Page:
This step of re-formation of the government, which is difficult to say was new, did not defuse the growing pace of protests then, even though the most prominent character in the implementation of the Bandar report Ahmad Atiyatallah was sacked from his post as Minister for Cabinet Affairs. Atiyatallah was re-appointed after a few weeks from that as a Minister for the follow-up in the Royal Court, an additional confirmation that the Bandar report is a constant royal plan, supported and looked after very carefully.
Within the mass resignations in March 2011, the prestigious lawyer Hassan Radhi resigned from the board of directors of the Bahrain Chamber of Disputes. Radhi is seen as the spiritual father of the opponent lawyers in Bahrain, who also led the constitutionalists lobby against the 2002 constitution.
The resignations of those loyal characters followed the loud resignation of Al Wefaq parliamentary (18 deputies) in February 2011, which increased the pace of the growing popular movement at the time.
4.The Shiite’s Rejection of the King
These Shiite resignations appeared like an entire rejection of King Hamad, carried out with the resignation of all MPs, some ministers, judges and Shiite Shura Council members. It was seen as a total abandonment of the King even though a significant number of these resignations did not last long, with the return of the Shura crew and judges to serve the regime in their previous posts. Al Wefaq still does not know how to evaluate its resignation experience from the Parliament, with some muffled voices sometimes talking that the resignations rendered the uprising a parliamentary voice, which may have helped in a way. Whereas I think this resignation saved the main opposition society from parliamentary pressures, such as what happened to Al Wefaq elected municipal Mps who has been sacked within retaliatory hectic steps.
The King did not and shall not forget the pain caused by these resignations, especially from those loyal, and he will continue to work to punish the figures showed their disgrace toward the security approach, through segregating them one after another from their posts.
Perhaps I would like here to call on all Shiites Loyalists, who resigned from their posts or openly expressed their resentment of violence against opponents, to be ready for a new Khalifi retaliatory step, if they did not got their share of that, yet.
I would also want to draw the attention of those who are aspirants in a rational governmental approach, such as member of the Shura Council Abdulredha Al Asfoor, who showed more than any other character his hope of national reconciliation, to be cautious, as King Hamad does not please a partner!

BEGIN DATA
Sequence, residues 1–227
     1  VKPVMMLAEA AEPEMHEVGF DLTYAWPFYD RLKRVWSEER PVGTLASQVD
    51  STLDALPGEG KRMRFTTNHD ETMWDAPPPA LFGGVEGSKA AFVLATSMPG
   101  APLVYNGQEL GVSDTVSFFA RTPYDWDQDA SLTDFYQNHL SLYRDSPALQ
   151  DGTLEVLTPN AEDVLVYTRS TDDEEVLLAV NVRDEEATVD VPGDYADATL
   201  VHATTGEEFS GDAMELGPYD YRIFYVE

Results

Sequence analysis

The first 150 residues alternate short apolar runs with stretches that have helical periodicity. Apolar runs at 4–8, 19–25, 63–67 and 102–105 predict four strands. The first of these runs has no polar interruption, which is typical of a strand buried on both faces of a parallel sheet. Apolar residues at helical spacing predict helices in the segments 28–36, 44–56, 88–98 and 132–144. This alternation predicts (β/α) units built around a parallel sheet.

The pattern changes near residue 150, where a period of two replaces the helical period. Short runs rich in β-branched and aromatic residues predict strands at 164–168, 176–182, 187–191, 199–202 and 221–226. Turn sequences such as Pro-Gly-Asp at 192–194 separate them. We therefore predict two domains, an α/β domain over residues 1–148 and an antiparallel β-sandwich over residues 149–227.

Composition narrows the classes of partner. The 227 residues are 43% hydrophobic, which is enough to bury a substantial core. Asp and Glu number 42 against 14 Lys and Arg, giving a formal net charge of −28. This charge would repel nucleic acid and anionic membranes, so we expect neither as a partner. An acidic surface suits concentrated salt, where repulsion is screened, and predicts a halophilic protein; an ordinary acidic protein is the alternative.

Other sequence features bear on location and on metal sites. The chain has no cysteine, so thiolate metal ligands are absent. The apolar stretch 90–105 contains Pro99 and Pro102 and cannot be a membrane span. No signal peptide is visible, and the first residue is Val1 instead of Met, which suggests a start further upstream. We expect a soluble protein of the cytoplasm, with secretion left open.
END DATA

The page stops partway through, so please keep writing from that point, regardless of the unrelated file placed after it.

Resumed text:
The Royal Reaction toward that Rejection
Indeed, in March 25, 2011, the King announced the dismissal of Majeed Al Alawi, and accepted the resignation of Nezar Al Baharna, for showing a clear rejection of violence against the unarmed civilians. The security approach continues to take the country to a state of terror and McCarthyism, causing the deaths of dozens, the dismissals of more than four thousand Shiite people from their jobs, and the arrest of thousands.
A few days after ending the state of emergency in the country (March 15 – 30 May 2011), the royal retaliatory steps escalated against the Shiite loyal religious stream. As on June 12, 2011, the King replaced the board of directors of Jaafari Awqaf by other loyalists, from outside Al Madani stream, which was mandated by the Department of Awqaf in the last decade.
This royal reprisals came due to the resentment clearly shown by the Board of Directors of Al Awqaf, chaired by former loyal MP Ahmed Hussein (affiliated with AlRabetah/AlMadani stream), for the encroachment of the military and security apparatus and its militias in cooperation with the Ministry of Municipalities on houses of worship, where they demolished about 35 mosques, and dozens of other Shiite religious facilities, as if it is required from Al Awqaf to welcome the desecration of Islamic Shiite sanctities.